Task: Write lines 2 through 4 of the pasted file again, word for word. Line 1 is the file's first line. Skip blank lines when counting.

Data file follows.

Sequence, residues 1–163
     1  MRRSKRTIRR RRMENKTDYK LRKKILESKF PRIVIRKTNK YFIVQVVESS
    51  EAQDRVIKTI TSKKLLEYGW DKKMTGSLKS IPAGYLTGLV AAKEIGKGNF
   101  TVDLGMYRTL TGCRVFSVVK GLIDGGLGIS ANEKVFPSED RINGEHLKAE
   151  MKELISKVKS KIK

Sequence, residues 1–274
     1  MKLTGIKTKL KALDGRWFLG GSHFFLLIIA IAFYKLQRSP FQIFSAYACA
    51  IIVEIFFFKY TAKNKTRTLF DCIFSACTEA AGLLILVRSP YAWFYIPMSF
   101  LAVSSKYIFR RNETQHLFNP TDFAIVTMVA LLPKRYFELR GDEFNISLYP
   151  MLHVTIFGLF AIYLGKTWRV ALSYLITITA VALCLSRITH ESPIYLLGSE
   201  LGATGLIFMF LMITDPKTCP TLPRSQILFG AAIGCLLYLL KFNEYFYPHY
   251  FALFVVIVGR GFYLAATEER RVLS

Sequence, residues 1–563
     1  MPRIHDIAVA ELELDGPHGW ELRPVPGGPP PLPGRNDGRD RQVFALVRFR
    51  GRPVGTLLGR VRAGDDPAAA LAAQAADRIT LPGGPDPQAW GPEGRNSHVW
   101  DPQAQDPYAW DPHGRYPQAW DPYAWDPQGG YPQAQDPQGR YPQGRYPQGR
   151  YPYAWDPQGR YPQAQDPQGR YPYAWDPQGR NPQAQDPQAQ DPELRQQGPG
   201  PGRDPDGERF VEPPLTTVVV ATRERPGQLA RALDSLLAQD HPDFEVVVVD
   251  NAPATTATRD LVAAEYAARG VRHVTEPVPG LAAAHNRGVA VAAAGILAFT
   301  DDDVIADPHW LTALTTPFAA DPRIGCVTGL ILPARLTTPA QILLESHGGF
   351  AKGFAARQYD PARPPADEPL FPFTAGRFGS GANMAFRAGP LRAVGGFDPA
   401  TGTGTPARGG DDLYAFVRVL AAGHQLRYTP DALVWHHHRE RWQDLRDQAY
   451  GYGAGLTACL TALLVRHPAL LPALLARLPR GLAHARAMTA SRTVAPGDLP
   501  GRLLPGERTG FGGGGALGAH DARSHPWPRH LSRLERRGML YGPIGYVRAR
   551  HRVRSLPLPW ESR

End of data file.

     1  MRRSKRTIRR RRMENKTDYK LRKKILESKF PRIVIRKTNK YFIVQVVESS
    51  EAQDRVIKTI TSKKLLEYGW DKKMTGSLKS IPAGYLTGLV AAKEIGKGNF
   101  TVDLGMYRTL TGCRVFSVVK GLIDGGLGIS ANEKVFPSED RINGEHLKAE